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Uruguayan murga is something unique and over the last few decades has transformed into a cultural manifestation that has attracted followers from all over the world.

Murga is one of the most popular Uruguayan forms of cultural expression in terms of its popularity here. Despite being a cultural manifestation originally from Cadiz, Spain (primarily since 1908), Uruguayan murga has gone through numerous transformations since the end of the 19th century.

Murgas have always expressed themselves through a variety of musical formats but chief among them is the Marcha Camión style similar to that of the marching percussion and Candombe.

Costume design and makeup in murga draw some of their influence from similar European artistic expressions.

Uruguayan murga is made up of 17 units: a scene and chorus director, 13 singers in the chorus divided by their vocal range, and 3 members making up the percussion section which is split up into cymbals, bass drum and snare drum.

Over the last few decades this structure has begun to change. The “Murgas Jovenes” or younger murga groups are also beginning to adapt their style from the traditional structure in the same way other kinds of murga groups added elements of creativity and innovation over the years, making murga what it is today.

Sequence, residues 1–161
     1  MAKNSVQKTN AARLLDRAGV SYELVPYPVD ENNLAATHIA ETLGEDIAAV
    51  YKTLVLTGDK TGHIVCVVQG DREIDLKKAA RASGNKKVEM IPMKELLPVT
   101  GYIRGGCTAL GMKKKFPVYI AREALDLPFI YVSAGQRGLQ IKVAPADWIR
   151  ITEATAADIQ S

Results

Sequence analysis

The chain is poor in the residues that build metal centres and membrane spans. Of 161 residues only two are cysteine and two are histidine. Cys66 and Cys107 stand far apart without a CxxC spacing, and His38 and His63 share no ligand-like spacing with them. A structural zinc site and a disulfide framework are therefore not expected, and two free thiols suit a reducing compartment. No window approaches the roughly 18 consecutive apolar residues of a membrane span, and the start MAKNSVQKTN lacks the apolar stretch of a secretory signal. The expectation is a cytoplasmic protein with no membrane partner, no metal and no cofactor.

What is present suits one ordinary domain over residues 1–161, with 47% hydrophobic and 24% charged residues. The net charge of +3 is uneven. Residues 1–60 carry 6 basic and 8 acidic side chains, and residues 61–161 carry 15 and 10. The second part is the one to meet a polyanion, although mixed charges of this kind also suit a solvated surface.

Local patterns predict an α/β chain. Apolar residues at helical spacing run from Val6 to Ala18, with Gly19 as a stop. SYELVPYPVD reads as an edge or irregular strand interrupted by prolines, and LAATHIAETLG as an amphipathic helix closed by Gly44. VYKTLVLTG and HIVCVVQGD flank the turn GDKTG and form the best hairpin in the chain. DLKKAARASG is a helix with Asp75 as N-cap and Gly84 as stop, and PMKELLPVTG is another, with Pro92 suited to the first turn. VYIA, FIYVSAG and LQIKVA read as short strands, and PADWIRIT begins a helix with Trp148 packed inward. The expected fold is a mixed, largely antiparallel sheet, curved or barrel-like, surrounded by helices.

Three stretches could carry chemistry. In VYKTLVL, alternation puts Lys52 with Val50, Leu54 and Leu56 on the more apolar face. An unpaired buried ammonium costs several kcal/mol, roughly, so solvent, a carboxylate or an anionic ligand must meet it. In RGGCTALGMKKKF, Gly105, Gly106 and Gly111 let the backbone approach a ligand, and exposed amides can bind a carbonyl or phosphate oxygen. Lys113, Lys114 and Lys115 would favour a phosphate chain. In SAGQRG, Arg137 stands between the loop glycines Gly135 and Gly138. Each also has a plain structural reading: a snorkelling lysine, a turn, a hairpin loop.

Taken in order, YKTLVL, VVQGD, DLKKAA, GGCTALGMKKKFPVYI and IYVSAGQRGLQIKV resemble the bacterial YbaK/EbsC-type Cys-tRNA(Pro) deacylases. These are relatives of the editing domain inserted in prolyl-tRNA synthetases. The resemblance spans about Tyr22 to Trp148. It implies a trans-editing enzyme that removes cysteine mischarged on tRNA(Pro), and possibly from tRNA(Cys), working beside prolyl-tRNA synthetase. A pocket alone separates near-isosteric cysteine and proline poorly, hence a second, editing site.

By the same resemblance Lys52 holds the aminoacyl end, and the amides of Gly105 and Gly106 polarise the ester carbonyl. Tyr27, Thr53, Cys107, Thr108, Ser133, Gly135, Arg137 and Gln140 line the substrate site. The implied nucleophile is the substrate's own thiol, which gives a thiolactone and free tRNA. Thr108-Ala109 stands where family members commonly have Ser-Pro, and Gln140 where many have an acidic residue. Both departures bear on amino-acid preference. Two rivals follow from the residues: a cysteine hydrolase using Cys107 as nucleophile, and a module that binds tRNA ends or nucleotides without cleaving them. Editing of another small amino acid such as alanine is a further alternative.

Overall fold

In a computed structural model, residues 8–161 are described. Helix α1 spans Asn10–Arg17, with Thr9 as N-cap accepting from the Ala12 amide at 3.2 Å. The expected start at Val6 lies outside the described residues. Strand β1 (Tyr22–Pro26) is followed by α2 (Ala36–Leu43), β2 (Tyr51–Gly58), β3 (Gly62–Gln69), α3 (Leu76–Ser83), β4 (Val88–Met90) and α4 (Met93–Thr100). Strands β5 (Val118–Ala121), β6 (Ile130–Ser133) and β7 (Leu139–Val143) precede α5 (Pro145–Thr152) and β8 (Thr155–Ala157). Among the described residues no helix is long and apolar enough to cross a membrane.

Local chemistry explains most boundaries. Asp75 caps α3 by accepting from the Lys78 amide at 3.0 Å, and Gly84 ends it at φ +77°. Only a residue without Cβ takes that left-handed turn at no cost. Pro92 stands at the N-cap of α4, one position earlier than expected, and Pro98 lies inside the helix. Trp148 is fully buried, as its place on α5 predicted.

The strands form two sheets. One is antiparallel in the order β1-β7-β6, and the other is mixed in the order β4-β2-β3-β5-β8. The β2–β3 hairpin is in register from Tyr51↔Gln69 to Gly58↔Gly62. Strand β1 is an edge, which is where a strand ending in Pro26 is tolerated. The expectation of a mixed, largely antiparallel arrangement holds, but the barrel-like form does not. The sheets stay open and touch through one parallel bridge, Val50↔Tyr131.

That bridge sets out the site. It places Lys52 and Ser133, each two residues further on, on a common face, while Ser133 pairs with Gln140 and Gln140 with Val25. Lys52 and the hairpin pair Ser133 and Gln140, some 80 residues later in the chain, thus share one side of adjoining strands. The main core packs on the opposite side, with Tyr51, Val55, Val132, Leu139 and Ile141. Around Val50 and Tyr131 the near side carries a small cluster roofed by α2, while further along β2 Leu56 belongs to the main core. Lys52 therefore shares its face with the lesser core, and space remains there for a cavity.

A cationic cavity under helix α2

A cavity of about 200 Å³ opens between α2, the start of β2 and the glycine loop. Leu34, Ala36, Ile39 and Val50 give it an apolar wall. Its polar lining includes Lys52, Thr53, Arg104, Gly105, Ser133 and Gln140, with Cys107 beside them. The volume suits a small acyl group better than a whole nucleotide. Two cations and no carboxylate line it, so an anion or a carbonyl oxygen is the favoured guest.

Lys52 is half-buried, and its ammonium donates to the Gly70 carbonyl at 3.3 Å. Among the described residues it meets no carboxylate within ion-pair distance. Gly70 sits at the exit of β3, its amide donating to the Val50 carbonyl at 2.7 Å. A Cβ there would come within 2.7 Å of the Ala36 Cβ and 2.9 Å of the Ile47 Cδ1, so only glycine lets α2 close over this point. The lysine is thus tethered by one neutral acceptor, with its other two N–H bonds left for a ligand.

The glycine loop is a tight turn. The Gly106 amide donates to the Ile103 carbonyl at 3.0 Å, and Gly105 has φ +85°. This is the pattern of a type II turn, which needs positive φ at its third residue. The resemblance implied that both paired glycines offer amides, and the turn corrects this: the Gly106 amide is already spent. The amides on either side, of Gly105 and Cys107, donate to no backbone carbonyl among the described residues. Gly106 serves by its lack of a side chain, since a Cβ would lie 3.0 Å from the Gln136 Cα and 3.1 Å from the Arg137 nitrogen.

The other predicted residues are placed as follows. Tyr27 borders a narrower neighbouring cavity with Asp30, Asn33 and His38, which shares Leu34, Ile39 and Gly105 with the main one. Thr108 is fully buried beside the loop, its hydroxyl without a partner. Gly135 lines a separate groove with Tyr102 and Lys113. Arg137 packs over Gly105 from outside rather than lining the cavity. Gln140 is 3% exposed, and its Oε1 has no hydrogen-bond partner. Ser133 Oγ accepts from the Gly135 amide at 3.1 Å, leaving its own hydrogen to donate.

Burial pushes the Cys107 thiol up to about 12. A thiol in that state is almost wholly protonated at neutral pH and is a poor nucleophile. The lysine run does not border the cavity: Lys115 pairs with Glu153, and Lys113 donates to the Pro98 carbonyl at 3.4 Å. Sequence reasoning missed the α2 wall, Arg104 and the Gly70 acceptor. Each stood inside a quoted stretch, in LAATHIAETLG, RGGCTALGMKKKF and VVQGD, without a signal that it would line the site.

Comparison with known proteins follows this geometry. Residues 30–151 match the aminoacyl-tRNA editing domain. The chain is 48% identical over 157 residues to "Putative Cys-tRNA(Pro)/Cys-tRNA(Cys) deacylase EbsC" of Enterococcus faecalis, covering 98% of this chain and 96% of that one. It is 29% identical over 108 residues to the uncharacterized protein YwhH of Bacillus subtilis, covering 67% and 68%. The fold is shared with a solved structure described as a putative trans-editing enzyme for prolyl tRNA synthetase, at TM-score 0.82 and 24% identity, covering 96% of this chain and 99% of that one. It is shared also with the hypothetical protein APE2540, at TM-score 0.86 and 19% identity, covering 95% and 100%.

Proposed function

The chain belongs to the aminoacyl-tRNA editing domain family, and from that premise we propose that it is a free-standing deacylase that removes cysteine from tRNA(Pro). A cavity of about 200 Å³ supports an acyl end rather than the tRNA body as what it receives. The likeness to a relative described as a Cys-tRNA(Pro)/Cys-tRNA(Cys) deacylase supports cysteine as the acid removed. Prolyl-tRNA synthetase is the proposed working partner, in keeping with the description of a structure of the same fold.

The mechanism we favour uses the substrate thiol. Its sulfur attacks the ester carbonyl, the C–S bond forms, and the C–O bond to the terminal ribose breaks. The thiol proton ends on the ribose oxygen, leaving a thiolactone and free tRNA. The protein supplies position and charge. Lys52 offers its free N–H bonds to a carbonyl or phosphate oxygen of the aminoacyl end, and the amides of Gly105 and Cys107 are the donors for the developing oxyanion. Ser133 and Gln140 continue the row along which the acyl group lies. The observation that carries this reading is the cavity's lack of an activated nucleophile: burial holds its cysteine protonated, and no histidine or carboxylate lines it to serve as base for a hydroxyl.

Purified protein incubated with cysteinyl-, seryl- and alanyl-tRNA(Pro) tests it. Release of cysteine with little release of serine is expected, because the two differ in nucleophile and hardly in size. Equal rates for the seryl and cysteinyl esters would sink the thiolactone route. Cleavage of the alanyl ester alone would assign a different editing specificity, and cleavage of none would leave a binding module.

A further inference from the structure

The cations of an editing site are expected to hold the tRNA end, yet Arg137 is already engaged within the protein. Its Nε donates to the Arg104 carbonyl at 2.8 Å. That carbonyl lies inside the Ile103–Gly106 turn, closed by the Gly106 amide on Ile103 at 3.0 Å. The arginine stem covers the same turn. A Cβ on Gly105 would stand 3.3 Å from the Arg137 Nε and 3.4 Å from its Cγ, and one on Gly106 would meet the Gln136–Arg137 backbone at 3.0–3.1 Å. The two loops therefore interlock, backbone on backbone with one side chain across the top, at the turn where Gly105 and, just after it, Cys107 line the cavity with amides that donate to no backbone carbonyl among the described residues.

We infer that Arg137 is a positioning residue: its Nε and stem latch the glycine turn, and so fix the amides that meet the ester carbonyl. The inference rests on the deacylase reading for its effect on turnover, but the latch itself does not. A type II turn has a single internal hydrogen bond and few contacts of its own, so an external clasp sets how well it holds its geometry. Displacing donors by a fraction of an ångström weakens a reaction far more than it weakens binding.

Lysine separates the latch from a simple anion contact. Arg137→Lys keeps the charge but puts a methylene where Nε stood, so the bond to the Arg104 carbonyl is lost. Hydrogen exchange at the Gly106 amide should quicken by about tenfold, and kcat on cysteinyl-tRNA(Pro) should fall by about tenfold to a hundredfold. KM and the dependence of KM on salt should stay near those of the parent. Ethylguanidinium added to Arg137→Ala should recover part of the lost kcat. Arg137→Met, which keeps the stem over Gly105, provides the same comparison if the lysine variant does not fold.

Murgas take place in what we call tablados where they can be public or private. Whether in Montevideo or anywhere outside the capital, murgas always bring a refreshing humorous, satirical and critical view on current events, expressed through this traditional theatrical format with song, costume and vibrant makeup.

Carnaval was born in the everyday neighborhoods where each group has its home fans for support, be it in the tablado, the parades or in official competitions with qualified judges and prizes. Murga rehearsals are often public where friends and family can come and memorize the group’s repertoire. Murga is without a doubt one of the most popular forms of expression par excellence.

In Montevideo, the Murga Museum is open all year round where visitors can learn about the history of this traditional festivity. Those who arrive out of Carnaval season can still be captivated by the long and interesting history explored in the museum.